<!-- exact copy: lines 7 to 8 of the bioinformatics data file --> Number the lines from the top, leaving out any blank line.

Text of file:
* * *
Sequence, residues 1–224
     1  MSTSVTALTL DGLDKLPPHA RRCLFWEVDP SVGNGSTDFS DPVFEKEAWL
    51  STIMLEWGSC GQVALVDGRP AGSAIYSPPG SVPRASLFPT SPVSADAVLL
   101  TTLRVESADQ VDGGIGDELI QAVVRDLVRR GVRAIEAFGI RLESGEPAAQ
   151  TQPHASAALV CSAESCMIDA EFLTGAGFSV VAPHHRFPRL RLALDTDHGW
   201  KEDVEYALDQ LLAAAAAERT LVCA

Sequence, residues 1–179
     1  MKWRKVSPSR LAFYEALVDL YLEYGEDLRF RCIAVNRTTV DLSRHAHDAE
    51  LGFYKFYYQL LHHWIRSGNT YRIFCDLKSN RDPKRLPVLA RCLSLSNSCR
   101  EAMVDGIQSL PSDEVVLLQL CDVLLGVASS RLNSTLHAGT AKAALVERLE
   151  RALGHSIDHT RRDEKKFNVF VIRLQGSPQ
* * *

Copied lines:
Sequence, residues 1–179
     1  MKWRKVSPSR LAFYEALVDL YLEYGEDLRF RCIAVNRTTV DLSRHAHDAE